Medical Education and Training

Medical professionalism is an important aspect of medical education and training for the next generation of physicians. Our work in this area seeks to address needed changes in the learning environment and highlight solutions to professionalism challenges that physicians are encountering more and more in their practice, such as acting as good stewards of finite resources or fostering cultures of collaboration among teams.

 

Teaching Value in Health Care Learning Network

A joint project of Costs of Care and the ABIM Foundation, the Teaching Value in Health Care Learning Network is a dynamic community of medical residents, students, faculty and others who are committed to learning and teaching the principles of stewardship and high-value care. Open to anyone in the medical education field, the community features monthly “Third Thursday” webinars with leaders in medical education to highlight implementation models and innovations in value-based training. The goal of the community is to encourage members to share best practices and inspire others to create innovations in their organizations to promote and provide high-value care.

Join the community to join the webinars and participate in the conversation, or watch previous webinars on our YouTube channel.

 

Understanding Medical Professionalism

Published by McGraw-Hill Medical in partnership with the ABIM Foundation, Understanding Medical Professionalism is a groundbreaking book that teaches health care students and clinicians how to deliver the highest quality patient care through professionalism in medical practice. The book was authored by Wendy S. Levinson, MD, Shiphra Ginsburg, MD, Frederic W. Hafferty, PhD, and Catherine R. Lucey, MD, all of whom are recognized as experts in the field.

Understanding Medical Professionalism includes real-life case scenarios that illustrate the pitfalls and challenges faced by practitioners. The book offers actionable guidance on how to successfully address these challenges and helps students and clinicians develop the behavioral skills necessary to provide outstanding patient care.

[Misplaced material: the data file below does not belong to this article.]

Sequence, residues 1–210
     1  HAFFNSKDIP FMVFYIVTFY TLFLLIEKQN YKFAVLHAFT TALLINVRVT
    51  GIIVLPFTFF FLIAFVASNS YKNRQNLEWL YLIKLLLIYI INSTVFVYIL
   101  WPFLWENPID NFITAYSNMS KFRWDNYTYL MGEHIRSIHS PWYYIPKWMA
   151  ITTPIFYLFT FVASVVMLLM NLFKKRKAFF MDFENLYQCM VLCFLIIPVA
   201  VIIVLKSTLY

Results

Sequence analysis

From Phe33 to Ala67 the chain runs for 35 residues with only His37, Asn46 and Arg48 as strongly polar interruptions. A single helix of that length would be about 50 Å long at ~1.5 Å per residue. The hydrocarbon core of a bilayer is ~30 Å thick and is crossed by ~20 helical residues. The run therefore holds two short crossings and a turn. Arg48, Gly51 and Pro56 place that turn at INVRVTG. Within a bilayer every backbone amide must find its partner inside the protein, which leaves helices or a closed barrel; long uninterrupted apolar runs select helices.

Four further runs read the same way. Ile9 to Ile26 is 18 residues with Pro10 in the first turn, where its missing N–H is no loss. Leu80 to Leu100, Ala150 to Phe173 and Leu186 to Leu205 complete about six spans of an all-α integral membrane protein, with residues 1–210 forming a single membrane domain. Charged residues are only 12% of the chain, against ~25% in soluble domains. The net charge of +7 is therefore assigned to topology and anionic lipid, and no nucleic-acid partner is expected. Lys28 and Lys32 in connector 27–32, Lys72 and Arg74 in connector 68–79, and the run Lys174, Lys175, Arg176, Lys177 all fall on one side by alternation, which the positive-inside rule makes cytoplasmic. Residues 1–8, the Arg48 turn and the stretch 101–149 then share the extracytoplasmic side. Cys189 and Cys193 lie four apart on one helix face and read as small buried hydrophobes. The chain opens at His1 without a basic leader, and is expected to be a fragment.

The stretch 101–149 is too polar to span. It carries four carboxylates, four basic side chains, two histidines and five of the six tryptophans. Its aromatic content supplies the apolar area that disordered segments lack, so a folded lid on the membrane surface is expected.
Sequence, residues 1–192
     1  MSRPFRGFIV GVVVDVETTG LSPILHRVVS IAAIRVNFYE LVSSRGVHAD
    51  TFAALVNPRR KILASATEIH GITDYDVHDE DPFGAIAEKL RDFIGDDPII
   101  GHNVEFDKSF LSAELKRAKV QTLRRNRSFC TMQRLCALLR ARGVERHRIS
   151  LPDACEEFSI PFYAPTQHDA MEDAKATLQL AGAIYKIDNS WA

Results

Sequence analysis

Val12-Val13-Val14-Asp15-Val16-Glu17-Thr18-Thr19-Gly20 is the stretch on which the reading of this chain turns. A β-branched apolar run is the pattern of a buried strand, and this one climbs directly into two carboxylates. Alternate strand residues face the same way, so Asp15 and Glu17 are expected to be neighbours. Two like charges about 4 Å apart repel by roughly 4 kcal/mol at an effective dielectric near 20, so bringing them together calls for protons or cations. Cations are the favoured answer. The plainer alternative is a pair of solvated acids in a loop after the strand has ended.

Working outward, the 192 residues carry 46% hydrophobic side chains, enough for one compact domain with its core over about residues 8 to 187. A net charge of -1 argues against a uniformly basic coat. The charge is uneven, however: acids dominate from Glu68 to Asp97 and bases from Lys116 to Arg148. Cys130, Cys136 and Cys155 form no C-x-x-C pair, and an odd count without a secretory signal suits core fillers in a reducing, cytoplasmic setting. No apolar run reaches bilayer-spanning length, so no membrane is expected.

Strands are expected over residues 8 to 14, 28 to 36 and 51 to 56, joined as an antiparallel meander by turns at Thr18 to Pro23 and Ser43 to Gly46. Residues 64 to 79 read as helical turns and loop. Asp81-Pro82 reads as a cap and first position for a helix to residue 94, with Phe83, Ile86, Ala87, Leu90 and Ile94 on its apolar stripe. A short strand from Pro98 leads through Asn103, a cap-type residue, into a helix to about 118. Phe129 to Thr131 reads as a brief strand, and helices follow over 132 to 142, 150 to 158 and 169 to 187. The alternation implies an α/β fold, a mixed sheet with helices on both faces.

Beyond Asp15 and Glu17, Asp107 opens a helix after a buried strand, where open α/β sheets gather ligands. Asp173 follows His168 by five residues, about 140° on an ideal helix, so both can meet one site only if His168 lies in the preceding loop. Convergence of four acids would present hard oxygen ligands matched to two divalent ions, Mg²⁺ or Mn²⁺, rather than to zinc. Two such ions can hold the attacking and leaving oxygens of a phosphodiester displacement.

Understanding Medical Professionalism is built around four key premises:

  1. Medical professionalism can be thought of as a set of specific skills and behaviors that can be clearly demonstrated.
  2. Challenges to medical professionalism in the clinical or educational setting are not rare events, but are everyday occurrences that can be identified and managed.
  3. Medical professionalism is a systems issue, relevant to all caregivers and administrators in the health care team.
  4. Professionalism should be a lifelong pursuit and not thought of as a static topic for a brief training period or course. Rather, it is a competency developed over time.

The text is intended to support professionals in the medical field who are working to advance the principles and commitments of Medical Professionalism in the New Millennium: A Physician Charter.

  • Medical students at all levels will be able to relate to the typical professionalism challenges presented as realistic and engaging scenarios throughout this book. The authors provide practical advice and tips on how to make sense of and respond to such challenges during training.
  • Clerkship directors will appreciate the straightforward approach to common professionalism challenges faced by their students. This book provides a practical and useful framework to guide teaching, evaluation and remediation of professionalism.